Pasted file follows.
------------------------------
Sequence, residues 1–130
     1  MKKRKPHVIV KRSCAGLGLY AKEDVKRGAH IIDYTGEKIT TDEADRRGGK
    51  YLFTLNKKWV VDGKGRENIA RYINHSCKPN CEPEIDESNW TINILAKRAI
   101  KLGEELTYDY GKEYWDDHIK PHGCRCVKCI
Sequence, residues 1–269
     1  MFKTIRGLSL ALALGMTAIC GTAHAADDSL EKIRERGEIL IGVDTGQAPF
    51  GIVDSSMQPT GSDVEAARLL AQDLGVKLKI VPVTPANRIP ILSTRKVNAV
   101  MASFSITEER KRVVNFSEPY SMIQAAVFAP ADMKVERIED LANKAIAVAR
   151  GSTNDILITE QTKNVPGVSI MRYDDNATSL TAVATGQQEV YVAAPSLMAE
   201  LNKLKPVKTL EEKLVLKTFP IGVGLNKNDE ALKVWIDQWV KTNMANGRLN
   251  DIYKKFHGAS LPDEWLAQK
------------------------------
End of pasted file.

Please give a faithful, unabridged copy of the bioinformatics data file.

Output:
Sequence, residues 1–130
     1  MKKRKPHVIV KRSCAGLGLY AKEDVKRGAH IIDYTGEKIT TDEADRRGGK
    51  YLFTLNKKWV VDGKGRENIA RYINHSCKPN CEPEIDESNW TINILAKRAI
   101  KLGEELTYDY GKEYWDDHIK PHGCRCVKCI
Sequence, residues 1–269
     1  MFKTIRGLSL ALALGMTAIC GTAHAADDSL EKIRERGEIL IGVDTGQAPF
    51  GIVDSSMQPT GSDVEAARLL AQDLGVKLKI VPVTPANRIP ILSTRKVNAV
   101  MASFSITEER KRVVNFSEPY SMIQAAVFAP ADMKVERIED LANKAIAVAR
   151  GSTNDILITE QTKNVPGVSI MRYDDNATSL TAVATGQQEV YVAAPSLMAE
   201  LNKLKPVKTL EEKLVLKTFP IGVGLNKNDE ALKVWIDQWV KTNMANGRLN
   251  DIYKKFHGAS LPDEWLAQK